Garageband is arguably one of the more popular DAWs on the market, especially for the price: free. Despite what a lot of nay-sayers have to say, Garageband has many functions that are extremely useful for the regular musician, regardless of what genre or instrument you play.
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Garageband has dozens of useful features which you can use for:
1) Creating musical projects from scratch
2) Recording and correcting vocals & other instruments
4) Editing and Transposing music, whether in MIDI or Audio form
5) Implementing a database of royalty-free loops
6) Downloading third-party plug-ins
7) Sharing projects between Apple users
8) Easily transfering projects from your iOS device to your Mac OS device
9) Shaping dynamics with dynamics processors like compression, EQ, and limiters.
And this is just a short list. While Garageband might not be quite as good as a more serious DAW like Pro Tools from Plugin Fox, it has a tremendous amount of capabilities for free software. Interestingly, Apple has lost a lot of money maintaining and updating Garageband over the years, but I imagine they’re aware that it’s just another selling point for the brand.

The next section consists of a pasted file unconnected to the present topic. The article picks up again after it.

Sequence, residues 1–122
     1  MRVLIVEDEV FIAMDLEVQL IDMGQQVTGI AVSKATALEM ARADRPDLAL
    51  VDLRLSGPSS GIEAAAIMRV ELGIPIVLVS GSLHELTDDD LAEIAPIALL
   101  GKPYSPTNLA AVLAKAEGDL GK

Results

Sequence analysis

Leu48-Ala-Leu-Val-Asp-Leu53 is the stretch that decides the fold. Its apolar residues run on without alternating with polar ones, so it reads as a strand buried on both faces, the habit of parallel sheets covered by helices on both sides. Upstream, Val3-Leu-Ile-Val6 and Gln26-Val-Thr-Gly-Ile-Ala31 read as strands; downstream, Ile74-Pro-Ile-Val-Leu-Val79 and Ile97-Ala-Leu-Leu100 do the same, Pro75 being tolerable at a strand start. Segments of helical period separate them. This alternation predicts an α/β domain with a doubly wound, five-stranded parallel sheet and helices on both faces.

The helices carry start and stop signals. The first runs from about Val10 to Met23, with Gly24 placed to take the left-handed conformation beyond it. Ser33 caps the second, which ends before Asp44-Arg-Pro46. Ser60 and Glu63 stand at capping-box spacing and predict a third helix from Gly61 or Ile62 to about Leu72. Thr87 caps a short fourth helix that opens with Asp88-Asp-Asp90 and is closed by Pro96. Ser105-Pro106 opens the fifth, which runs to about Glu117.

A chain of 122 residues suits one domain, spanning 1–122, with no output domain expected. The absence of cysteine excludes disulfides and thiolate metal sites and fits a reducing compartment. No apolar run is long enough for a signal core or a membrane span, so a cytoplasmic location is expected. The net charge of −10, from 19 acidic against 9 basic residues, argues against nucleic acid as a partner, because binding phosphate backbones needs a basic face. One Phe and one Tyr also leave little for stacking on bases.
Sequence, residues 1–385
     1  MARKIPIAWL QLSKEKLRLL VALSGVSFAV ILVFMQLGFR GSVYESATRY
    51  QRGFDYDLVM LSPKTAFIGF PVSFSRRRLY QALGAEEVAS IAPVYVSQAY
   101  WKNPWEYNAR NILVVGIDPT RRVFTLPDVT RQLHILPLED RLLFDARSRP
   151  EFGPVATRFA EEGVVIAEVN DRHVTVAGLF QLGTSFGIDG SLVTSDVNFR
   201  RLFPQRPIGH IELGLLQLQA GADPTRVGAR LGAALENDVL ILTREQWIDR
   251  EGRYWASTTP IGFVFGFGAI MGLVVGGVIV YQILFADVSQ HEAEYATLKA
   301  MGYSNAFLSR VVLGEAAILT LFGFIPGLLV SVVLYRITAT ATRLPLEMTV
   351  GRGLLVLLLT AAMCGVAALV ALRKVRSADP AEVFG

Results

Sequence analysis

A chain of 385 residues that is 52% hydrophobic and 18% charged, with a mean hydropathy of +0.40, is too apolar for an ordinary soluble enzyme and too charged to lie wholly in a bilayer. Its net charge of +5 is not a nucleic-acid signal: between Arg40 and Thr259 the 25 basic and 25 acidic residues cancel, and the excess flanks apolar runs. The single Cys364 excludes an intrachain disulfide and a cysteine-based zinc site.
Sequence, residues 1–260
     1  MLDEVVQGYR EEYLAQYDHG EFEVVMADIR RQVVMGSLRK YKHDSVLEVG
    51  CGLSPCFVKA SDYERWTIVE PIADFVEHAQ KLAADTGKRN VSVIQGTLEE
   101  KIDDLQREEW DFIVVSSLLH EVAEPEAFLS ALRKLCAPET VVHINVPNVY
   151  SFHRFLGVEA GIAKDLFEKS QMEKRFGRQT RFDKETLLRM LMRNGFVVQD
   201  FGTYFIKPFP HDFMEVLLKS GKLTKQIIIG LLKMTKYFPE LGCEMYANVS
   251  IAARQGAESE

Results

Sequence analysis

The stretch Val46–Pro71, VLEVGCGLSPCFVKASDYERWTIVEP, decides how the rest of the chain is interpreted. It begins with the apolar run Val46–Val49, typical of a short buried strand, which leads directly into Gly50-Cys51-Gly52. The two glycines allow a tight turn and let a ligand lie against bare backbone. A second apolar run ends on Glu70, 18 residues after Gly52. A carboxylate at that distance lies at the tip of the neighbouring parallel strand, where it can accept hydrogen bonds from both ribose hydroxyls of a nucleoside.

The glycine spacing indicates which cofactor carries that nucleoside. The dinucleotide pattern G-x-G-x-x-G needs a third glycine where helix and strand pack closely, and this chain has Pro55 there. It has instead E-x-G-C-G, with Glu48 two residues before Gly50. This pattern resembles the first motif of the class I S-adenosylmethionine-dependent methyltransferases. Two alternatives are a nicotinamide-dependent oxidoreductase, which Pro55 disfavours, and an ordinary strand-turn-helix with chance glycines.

1) Create Musical Projects From Scratch
What I mean by this is that you can use the plethora of available presets, instruments, plug-ins, and other VSTs to create your own music without owning a single instrument.
The software comes with a variety of VSTs, also known as virtual studio technology, ranging from synths, drum machines, drum kits, flutes, violins, cellos, guitars, acoustic guitars, bass guitars, arpeggiators, vibraphones, and mellotrons, pianos, and so on and so forth. However, all of these VSTs will be triggered by the use of a MIDI keyboard which is based on the piano (one reason why I couldn’t recommend PianoForAll enough for learning).
Many of the software instruments are great to use, however, some are definitely better than others. Each VST typically comes with its very own set of parameters for customization, so you aren’t limited to just one type of sound, moreover, premium instruments like Komplete 13 from Native Instruments (one of the best) can also be added to the pre-existing library.